Business and community leaders from across Tameside took part in a dementia friends session at the Village Hotel in Ashton.
The session coincided with Dementia Action Week and ‘Village Green’ initiative, which aims to get Village Hotel staff out into the community gaining more of an understanding about what goes on in and around the area.
Dementia Champions Marion Coleman and Sandra Jackson delivered the session, which were also taking place at Village Hotels in Hyde, Bury and Cheadle, with the company aiming to get 150 people signed up to become dementia friends.
They sent attendees away with five key messages about dementia:
• Dementia is not a natural part of ageing
• Dementia is caused by diseases of the brain
• Dementia is not just about losing your memory
• It is possible to live well with dementia
• There is more to a person than the dementia.
Explaining what a Dementia Champion does, Marion said: “A Dementia Champion is someone who delivers these sessions. You don’t have to be a formal trainer or a professional. We’ve got people who do it from the WI, scout leaders and business leaders. They speak to the Rotary, business forums, neighbourhood watch teams, churches and all sorts of people.
“The training is provided free by the Alzheimer’s Society and you get all your resources free too. I’ve done sessions for two to three people, 80 people and up to 100 people. You don’t have to be a formal presenter.”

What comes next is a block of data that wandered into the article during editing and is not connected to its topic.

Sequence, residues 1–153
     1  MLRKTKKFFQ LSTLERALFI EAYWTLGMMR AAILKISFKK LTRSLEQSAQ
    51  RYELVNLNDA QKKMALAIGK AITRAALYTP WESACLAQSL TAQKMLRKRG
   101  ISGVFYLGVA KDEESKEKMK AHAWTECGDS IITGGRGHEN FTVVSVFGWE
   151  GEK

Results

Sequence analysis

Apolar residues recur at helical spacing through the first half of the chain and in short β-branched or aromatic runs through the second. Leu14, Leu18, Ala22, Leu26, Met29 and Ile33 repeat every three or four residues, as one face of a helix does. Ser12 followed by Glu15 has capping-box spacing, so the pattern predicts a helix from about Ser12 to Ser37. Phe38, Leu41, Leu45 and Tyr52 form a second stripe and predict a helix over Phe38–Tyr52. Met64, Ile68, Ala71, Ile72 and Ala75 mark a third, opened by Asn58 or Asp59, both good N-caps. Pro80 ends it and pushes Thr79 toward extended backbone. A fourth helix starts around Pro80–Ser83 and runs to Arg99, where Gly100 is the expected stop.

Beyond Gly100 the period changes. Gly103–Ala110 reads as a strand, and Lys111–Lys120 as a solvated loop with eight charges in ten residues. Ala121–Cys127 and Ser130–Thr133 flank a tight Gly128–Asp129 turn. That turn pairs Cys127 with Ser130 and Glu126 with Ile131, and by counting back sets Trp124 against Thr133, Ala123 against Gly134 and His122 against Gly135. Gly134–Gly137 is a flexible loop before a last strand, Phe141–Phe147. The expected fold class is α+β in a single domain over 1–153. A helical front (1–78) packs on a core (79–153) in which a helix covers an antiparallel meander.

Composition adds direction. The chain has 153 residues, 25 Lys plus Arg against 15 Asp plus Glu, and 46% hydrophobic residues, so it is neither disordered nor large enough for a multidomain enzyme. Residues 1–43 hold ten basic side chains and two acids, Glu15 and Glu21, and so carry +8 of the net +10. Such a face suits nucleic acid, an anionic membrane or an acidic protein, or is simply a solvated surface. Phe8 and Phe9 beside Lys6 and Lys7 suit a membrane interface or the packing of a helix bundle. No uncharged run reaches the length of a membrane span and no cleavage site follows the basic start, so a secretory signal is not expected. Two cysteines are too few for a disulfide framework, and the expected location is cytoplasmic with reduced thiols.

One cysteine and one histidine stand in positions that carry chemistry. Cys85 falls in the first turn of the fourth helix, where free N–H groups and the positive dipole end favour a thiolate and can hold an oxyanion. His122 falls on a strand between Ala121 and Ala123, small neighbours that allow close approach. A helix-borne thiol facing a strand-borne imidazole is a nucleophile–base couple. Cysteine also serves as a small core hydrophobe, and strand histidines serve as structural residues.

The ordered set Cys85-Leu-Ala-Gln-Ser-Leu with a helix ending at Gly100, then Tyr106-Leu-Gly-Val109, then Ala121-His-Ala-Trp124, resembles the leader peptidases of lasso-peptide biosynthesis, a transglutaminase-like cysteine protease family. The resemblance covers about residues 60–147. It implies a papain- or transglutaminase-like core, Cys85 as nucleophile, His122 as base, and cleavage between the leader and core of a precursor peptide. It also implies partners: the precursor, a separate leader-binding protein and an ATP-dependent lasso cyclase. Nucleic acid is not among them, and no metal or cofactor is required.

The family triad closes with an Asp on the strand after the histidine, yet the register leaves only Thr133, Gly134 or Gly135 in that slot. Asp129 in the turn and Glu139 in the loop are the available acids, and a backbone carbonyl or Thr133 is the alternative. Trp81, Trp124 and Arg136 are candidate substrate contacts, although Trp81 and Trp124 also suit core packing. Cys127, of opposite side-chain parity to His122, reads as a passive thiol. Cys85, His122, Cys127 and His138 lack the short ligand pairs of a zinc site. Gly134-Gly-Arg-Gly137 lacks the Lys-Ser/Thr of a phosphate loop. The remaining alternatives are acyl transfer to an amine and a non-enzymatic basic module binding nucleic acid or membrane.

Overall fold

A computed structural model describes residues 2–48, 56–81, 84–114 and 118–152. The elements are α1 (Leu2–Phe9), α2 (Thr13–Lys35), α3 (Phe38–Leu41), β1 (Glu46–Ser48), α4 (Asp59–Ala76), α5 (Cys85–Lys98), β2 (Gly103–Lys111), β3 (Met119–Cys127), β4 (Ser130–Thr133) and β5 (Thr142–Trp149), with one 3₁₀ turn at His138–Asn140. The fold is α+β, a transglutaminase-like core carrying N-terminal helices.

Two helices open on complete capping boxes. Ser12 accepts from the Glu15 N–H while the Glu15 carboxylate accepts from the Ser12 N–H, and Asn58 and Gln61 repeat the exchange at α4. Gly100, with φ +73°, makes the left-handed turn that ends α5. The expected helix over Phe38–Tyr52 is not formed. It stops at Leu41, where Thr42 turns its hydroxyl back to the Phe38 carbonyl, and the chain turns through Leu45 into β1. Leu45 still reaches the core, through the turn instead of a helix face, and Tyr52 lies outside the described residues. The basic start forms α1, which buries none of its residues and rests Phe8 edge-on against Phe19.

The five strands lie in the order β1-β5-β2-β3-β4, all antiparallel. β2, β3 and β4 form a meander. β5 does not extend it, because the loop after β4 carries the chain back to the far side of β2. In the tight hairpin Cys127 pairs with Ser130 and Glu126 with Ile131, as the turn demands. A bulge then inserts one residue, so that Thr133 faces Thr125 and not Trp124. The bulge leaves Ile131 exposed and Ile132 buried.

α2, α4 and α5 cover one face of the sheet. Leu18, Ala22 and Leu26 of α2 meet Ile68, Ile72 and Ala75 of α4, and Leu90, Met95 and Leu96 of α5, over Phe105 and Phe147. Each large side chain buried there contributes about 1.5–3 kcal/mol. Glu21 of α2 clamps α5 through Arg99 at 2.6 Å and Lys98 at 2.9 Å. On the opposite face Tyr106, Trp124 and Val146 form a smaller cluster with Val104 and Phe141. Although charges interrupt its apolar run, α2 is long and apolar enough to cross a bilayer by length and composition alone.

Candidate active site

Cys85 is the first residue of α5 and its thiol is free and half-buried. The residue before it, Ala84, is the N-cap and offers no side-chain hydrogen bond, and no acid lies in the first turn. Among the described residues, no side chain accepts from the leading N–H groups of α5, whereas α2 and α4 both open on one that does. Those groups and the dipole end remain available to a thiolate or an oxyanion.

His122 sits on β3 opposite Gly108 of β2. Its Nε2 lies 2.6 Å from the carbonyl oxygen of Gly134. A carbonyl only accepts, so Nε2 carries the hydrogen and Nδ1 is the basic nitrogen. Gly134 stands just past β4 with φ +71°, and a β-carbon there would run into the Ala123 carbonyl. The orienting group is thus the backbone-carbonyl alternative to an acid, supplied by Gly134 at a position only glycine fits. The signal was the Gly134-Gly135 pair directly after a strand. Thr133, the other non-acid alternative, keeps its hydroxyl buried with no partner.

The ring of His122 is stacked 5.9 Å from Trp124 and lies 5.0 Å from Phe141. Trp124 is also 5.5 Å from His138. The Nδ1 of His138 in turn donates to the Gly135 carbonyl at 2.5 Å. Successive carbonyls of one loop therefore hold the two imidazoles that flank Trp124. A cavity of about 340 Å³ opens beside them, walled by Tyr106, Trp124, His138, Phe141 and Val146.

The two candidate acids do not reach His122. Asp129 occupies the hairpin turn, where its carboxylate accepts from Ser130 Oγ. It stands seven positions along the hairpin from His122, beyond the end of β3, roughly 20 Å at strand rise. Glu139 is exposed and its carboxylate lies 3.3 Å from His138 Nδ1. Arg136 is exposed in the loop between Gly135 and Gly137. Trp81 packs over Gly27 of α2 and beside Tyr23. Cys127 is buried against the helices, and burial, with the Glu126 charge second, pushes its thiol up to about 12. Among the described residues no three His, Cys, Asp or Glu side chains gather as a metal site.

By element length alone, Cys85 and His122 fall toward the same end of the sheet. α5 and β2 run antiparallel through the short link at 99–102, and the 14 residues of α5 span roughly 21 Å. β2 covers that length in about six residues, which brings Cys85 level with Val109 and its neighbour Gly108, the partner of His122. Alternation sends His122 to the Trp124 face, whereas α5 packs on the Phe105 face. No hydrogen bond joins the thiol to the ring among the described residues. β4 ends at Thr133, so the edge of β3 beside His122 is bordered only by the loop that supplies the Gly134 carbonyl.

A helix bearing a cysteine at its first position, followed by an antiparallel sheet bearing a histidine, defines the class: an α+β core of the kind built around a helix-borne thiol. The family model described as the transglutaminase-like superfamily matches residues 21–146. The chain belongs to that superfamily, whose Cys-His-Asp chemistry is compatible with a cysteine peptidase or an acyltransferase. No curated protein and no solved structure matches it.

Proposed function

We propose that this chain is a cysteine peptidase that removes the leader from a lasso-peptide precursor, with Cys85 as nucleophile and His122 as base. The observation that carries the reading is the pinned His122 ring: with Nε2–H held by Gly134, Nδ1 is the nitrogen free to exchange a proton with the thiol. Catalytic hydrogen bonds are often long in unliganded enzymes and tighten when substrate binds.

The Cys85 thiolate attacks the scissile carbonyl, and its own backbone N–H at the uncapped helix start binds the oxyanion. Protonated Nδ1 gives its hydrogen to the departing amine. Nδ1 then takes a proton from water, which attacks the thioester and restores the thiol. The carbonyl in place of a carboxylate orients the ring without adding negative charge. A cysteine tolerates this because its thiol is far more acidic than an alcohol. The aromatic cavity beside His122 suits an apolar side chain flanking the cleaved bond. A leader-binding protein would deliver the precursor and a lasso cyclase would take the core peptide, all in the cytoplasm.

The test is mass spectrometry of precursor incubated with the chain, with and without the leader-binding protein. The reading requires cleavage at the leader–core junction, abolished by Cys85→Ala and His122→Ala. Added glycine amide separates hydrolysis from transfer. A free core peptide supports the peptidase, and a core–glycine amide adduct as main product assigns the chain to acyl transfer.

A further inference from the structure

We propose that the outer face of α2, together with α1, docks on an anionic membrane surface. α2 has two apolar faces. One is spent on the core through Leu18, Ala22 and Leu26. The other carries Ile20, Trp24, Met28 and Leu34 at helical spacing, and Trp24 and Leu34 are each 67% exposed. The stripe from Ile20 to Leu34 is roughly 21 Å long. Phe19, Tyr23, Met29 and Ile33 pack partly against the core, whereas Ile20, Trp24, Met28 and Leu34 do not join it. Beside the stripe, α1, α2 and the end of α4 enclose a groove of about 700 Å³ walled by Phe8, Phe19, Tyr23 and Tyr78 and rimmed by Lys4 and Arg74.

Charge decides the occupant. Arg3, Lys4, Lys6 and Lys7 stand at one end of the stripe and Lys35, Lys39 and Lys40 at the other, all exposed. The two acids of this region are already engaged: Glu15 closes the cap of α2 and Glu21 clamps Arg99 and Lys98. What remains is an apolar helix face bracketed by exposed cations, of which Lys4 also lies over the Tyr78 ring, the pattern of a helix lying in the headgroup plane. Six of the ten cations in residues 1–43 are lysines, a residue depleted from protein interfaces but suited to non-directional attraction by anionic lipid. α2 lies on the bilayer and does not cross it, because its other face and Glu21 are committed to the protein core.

Sandra added: “From a personal point of view, I’m really passionate about being a dementia champion and I think the more dementia-friendly communities we can create in Tameside, Greater Manchester and across the country, the better.
“If somewhere is dementia-friendly, it’s friendly for everybody. It’s about spreading the word, getting as many people talking about dementia, getting as many people trained up as champions and doing as many dementia friends sessions as we can. It will help the whole community.”
Village Hotel’s Regional Director of Sales, Lizzie Harwood, organised the dementia friends session after attending one herself. It’s a cause that’s close to her, as her partner’s grandma lives with dementia.
“I want people to take away the same thing I did,” she said. “If you see somebody within our business that could possibly be struggling, those simple words ‘Are you OK?’ make a big difference. If we can nail that from today and if we can grow on that, it’d be great.
“We’ve had some great businesses here today and what I will continue to do is fight the fight and engage with them on a regular basis to see if they’ve taken it out into their businesses.”
Dementia friends sessions took place across the borough as part of Dementia Action Week, from May 21-27. For more information, visit www.dementiafriends.org.uk.